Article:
Vikings won’t exercise option on Adrian Peterson’s contract for 2017 season
MINNEAPOLIS — Adrian Peterson, Minnesota’s all-time leading rusher and a first-team All-Pro pick in four of his 10 seasons with the Vikings, will be an unrestricted free agent for the first time in his career when the market opens next week.
The Vikings as expected said Tuesday they will not exercise their option for 2017 on Peterson’s contract, which called for him to make $18 million. That would have been an unwieldly hit to their salary cap and by far the highest figure in the NFL for a running back. Pittsburgh’s decision to place the franchise tag on Le’Veon Bell will likely mean a $12 million-plus salary for the 25-year-old, but nobody else at the position in the league is even close.
The Vikings left the door open for Peterson to return to the team that drafted him in 2007 with the seventh overall pick, only at a much lower price. The fact that they announced their decision nine days before the deadline was an indication that little dialogue about a new deal has taken place to date. General manager Rick Spielman told reporters last week that he had not yet spoken at that point to Peterson or his agents about the future.
“Adrian is an important part of the Minnesota Vikings organization,” Spielman said Tuesday. “We will continue to have conversations with his representatives and leave our future options open while determining what is best for both parties moving forward.”
Peterson’s agent, Ben Dogra, didn’t return messages from The Associated Press. Peterson told ESPN he spoke with Spielman over the weekend.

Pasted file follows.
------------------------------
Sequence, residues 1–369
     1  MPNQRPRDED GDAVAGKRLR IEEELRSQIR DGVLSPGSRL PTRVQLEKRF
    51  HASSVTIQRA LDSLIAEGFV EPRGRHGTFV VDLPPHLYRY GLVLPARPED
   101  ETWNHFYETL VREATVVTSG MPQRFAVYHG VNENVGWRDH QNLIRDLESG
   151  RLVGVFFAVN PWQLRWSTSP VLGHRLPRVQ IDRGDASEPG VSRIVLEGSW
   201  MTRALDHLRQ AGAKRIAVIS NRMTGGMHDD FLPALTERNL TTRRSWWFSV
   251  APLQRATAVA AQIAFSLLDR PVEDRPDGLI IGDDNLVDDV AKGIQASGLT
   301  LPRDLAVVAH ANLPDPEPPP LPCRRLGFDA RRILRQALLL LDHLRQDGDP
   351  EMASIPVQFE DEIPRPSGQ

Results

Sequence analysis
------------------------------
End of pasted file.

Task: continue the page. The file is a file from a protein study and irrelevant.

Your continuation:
“It’s been a great 10 years with the Minnesota Vikings. They know what I bring to the organization as a player, with my work ethic and dedication,” Peterson said, according to the network. “The door is still open to find some common ground. I understand addressing the offensive line is one of their main priorities this offseason. In the meantime, I will explore my other options and see what path God leads me on. My main goal remains the same: to win a Super Bowl championship with a great team, which I also believe we have in Minnesota.”
Peterson has occasionally hinted at interest in playing elsewhere, even cryptically tweeting last week that the New York Giants have intrigued him with their recent moves that included releasing wide receiver Victor Cruz and running back Rashad Jennings to make space under the salary cap. Before the 2014 season, an ESPN profile on Dallas owner Jerry Jones revealed a casual phone conversation between Peterson and Jones during which the running back expressed his desire to one day play for the Cowboys team he grew up rooting for in East Texas.
Peterson, who turns 32 in three weeks, is coming off a meniscus tear in his right knee that limited him to 72 yards on 37 carries over parts of three games in 2016. He suited up only once in 2014 because of the child abuse case he was involved in. Even with the league-leading 1,485 yards he rushed for in 2015 and factoring in his receiving totals, Peterson has cost the Vikings about $18,000 per yard over the last three years. He also has limited passing-game skills that the majority of standout running backs in the league possess, with little experience running out of the shotgun or pistol formations that most teams favor in the current pass-heavy NFL.
In another sobering reminder of the short shelf life for players at this position, Kansas City also released 30-year-old and four-time Pro Bowl running back Jamaal Charles on Tuesday. Charles is eighth on the active career rushing list; Peterson is second behind Frank Gore.
Since recovering from ACL reconstruction on his left knee to rush for 2,097 yards in 2012 and win the NFL MVP award, Peterson has expressed particular defiance toward the evidence that running backs wear down by age 30. He has long said he believes he can play deep into his 30s.
The Vikings, though, have dire needs on the offensive line to address. This class of running backs in the upcoming draft also is considered one of the deepest in years, a point that Spielman made without prompting in his interview last week.
The betting books in Las Vegas didn’t miss an opportunity to set the market. Bovada pegged Peterson’s return to the Vikings at 5-to-1 odds, trailing only the Tampa Bay Buccaneers (3 to 1). The Giants and Chiefs were also set at 5 to 1.